Happy Face / Frowny Face

[January 22, 2010]

The more time you spend on the Best Buy Facebook page, the more it degenerates into two rather unpleasant experiences. First, there’s the overriding feeling of redundancy, which results from product pages that mimic similar material available at bestbuy.com.

Second, a few minutes on Best Buy’s Facebook “Wall” and you wonder how a brand could generate so much ill-will without addressing it internally. Having a Customer Service Rep respond in measured tones (“I’m sorry to hear you had so much trouble…”) hardly addresses the issues. At the average Best Buy, it would seem, service is below par. I don’t know how else to evaluate the sheer number of searing complaints.

So, much as I hate to say it, I think Best Buy would do better to pour its advertising budget into training its employees and repairing its service departments. What better advertisement, in the end, than to be known by word of mouth as a highly competent, reliable service provider? At the very least, stealing some space from product promotion to make room for consumer education would go a long way to reducing problems—by reducing confusion.

As it stands, Best Buy’s willingness to handle customer complaints so half-heartedly underscores what’s missing in the standard American business model. Even here, on Facebook, where one is told to expect the coming of the brand marketing revolution, a major brand misses the message: Your strength as a brand lies in your ability to speak to your customers as one real person to another.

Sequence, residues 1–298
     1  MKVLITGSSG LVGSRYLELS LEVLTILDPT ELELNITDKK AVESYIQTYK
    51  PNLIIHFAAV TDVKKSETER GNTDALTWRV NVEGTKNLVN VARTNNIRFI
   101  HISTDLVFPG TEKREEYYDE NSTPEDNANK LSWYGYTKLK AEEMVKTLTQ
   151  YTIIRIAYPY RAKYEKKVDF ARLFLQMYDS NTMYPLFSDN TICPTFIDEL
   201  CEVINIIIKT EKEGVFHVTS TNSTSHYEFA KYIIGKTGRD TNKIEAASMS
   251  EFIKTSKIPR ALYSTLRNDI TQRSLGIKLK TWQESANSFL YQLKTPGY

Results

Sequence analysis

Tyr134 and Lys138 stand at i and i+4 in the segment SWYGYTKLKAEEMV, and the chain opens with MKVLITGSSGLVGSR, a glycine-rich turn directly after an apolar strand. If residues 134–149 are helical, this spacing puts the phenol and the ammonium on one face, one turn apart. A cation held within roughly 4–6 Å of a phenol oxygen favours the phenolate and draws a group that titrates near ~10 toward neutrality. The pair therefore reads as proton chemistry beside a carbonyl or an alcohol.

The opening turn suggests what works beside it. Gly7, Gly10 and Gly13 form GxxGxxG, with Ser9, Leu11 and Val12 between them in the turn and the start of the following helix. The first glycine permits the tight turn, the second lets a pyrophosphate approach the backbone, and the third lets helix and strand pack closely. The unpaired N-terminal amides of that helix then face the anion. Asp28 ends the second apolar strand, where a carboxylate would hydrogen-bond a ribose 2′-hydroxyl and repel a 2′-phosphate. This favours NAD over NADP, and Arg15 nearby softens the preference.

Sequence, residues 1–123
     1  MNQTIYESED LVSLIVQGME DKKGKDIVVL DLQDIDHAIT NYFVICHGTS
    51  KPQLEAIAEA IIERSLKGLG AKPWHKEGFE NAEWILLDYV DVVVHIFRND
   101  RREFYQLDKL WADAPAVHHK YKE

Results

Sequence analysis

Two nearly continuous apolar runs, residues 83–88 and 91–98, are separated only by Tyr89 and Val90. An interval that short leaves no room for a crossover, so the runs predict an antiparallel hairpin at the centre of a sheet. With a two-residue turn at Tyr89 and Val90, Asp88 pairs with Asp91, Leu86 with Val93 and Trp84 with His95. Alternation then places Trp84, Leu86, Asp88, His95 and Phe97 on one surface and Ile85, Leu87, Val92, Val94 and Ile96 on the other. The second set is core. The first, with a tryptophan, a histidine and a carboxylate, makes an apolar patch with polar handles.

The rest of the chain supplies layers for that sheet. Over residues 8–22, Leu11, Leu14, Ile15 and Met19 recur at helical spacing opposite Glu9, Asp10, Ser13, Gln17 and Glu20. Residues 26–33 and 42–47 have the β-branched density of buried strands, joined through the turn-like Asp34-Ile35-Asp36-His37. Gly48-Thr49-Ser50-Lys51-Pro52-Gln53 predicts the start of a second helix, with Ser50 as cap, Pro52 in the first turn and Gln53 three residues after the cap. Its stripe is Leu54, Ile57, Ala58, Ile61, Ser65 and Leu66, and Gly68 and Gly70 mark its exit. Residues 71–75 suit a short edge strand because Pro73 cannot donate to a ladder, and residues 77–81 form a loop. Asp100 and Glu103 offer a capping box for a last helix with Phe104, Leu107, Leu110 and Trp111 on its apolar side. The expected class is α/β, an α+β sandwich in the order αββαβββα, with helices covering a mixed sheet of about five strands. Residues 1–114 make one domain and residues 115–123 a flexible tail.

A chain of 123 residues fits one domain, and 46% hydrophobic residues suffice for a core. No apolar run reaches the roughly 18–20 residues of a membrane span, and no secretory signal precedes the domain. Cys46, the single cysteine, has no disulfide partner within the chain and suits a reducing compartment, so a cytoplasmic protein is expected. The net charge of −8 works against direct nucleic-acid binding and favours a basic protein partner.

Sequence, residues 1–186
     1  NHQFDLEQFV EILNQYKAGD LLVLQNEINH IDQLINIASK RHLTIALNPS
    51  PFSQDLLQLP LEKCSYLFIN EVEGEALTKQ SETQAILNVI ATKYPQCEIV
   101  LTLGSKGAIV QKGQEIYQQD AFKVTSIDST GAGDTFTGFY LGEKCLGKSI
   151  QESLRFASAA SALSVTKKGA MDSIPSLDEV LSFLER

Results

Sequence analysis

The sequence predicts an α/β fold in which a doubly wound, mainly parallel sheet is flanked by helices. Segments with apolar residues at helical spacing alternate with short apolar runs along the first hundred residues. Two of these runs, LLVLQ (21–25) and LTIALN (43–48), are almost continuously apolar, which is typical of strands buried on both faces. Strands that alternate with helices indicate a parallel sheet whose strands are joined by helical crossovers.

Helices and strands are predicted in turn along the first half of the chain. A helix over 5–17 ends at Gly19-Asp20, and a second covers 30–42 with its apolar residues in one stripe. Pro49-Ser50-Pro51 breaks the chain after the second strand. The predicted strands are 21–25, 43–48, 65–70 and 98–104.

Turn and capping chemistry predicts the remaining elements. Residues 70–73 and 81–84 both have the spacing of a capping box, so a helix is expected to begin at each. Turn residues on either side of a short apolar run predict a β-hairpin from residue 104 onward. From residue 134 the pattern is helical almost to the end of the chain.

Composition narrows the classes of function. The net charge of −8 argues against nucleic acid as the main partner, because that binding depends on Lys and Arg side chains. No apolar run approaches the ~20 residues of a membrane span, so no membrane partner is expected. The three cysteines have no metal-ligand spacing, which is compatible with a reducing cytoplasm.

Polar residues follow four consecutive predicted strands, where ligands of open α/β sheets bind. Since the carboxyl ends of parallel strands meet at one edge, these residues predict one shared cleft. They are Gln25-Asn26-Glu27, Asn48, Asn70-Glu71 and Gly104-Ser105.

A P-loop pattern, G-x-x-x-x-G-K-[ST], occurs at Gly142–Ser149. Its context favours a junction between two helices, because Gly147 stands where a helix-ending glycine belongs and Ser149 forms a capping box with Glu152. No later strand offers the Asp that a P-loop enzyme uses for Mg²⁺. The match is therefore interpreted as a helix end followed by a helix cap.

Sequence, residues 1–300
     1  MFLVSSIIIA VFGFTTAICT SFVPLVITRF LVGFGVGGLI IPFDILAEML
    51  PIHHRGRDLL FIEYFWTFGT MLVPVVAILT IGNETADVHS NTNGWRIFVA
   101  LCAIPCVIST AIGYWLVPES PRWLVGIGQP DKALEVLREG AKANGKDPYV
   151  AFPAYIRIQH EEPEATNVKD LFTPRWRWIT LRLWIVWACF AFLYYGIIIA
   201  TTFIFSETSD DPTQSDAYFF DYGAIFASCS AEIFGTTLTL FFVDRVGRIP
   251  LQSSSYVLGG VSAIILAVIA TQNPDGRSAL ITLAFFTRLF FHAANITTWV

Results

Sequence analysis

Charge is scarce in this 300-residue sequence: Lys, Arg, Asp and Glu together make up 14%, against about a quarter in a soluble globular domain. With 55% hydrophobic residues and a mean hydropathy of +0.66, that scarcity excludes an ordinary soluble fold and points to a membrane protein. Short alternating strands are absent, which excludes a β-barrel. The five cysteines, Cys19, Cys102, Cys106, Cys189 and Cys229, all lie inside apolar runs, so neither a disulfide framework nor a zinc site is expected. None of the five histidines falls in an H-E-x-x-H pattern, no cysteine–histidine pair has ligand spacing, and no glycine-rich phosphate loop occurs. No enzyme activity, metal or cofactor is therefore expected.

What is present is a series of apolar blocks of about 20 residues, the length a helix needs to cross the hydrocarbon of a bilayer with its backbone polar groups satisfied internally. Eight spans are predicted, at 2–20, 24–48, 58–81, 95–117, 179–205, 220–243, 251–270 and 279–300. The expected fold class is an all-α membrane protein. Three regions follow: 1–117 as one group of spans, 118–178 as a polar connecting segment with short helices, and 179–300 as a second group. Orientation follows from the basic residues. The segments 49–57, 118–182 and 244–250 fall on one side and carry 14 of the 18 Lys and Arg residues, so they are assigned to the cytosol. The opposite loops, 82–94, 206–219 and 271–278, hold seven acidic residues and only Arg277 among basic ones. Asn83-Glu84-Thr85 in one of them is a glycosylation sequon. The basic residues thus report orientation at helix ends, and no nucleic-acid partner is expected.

In other words, you have to care. It has to bother you that your customers are being treated to lousy service. Hoping you can paste over systemic flaws with happy-face customer interfacers is a delusion growing out of a failure to grasp a fundamental principle: A brand’s only true product is customer satisfaction.

Clearly, here’s a company that has seriously underestimated just how “public” a public forum Facebook actually is. In digital space, comments linger, opinions are shared and their impact multiplies exponentially.

If I choose to compare the Best Buy Facebook presence with the presence created by Coca-Cola, I realize I may be accused of comparing apples to durians. As in most other respects, Coke is a brand in its own category, having built up a brand equity I doubt more than three or four other companies can match.

All the same, what they choose to do with that equity is very telling. At Coke-Facebook, the message is “Open Happiness.” It’s not a price-point or a value statement but a direct call to the human psyche. Instead of selling product, Coke sells you on a connection—to everything you love most about life.

Not that Best Buy doesn’t make a play for the same territory. It’s just that the tagline “Buyer Be Happy,” which appears fleetingly on the page link, is immediately drowned out by a garish promotional overlay. Meanwhile, the sentiment behind this tagline is simply drowned —by the complaint tsunami that daily breaches the Best Buy “Wall.”

Ultimately, this suggests that the onset of social networking and the social media that support it have not only transformed e-commerce, but commerce in general. It’s a reality change of the highest order. Brands that treat customers like faceless non-entities are finding that customer complaints now leave an indelible stain on even the shiniest of logos.


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Mark Laporta

Writer, Creative Consultant
New York, NY




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